Late last week, Sprint became the latest company to take helicopter parenting into the 21st Century with a new smart device called the WatchMeGo. For $144 and an going service fee of $10 a month, parents can do just that — watch their kids go to school, to the library, to their friend’s house and anywhere else there’s a viable cell phone tower or GPS reception.
Through a complementary service, parents are able to set up a “safe zone” that establishes boundaries of where their youngsters are allowed to wander beyond the eyes of watchful moms and dads. If a kiddo strays beyond the boundary, an alert is sent to the parent’s phone.
The watch — which comes in kid-friendly shades of blue and red (the red version was out of stock as of Monday) — also has an SOS button that will immediately call the phone of a trusted emergency contact.
“WatchMeGo is the perfect solution for parents with little ones who aren’t yet ready for their first phone,” Sprint executive Doug Smith said in a press release. “With the ability to track the location of your child almost anywhere using GPS and communicate through text or voice messages, WatchMeGo is an ideal addition to your family’s connected lifestyle.”
But experts say parents should think twice before strapping a tracking device on their kids. For one, tracking devices aren’t usually intended to keep children safe — they’re designed to increase profits for companies, and in exchange for low service fees, customers are often asked to sign away privacy rights to data — including location information — gathered from tracking devices.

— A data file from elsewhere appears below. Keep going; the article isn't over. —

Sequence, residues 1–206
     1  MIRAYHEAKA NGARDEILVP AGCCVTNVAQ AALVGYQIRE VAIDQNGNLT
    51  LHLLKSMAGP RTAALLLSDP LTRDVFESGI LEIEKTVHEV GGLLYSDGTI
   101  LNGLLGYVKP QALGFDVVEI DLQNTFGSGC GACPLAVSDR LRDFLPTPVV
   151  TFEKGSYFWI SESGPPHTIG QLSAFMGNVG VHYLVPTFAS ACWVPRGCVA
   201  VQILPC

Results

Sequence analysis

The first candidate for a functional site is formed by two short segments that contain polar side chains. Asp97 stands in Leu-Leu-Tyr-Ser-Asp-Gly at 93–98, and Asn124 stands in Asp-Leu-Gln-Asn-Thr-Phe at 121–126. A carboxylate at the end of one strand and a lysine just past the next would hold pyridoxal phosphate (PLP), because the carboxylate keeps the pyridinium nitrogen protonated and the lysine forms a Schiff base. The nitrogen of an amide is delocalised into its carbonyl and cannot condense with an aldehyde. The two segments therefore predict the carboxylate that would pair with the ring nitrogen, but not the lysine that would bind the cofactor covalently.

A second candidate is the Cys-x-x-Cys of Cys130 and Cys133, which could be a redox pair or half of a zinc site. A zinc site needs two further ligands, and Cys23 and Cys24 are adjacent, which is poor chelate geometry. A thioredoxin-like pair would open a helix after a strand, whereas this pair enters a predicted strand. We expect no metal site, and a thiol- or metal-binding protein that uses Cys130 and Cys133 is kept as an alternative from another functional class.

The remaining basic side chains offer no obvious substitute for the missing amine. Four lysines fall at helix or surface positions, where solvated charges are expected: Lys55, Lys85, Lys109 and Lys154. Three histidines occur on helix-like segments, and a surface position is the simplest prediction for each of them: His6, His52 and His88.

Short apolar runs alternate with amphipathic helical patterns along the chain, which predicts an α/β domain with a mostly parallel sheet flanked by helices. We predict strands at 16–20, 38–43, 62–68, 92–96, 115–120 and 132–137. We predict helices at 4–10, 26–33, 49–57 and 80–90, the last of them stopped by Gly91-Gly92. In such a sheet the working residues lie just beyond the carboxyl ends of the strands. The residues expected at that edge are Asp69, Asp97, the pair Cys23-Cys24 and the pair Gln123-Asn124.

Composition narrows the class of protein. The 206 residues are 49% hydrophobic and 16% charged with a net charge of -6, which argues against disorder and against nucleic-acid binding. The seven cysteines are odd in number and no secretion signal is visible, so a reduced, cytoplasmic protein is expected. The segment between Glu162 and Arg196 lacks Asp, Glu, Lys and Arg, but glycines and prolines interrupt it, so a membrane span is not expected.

“When parents track children, they help companies maximize their profits,” Joel Michael Reynolds, an assistant professor of philosophy at the University of Massachusetts, wrote in a 2019 column for The Conversation. “Should a child’s information become de-anonymized and fall into the wrong hands, this could put one’s child at risk.”
It can also have significant psychological and behavioral implications, including bonds formed between children and parents when it comes to trust. Reynolds argued tracking children could be counterproductive and push them toward rebellion.
“This risk, I would argue, is perhaps far more serious than those leading parents to track their children in the first place,” he wrote.
But Reynolds said tracking devices could be helpful in some cases, such as when a parent feels their child might be susceptible to self-harm, violent extremism or other instances where parents feel concerned about the child’s safety or that of others.
“But those are the exceptions, not the rule,” Reynolds wrote. “Think twice before tracking your kids.”
Disclosure: The author of this article owns stock in Sprint Corporation.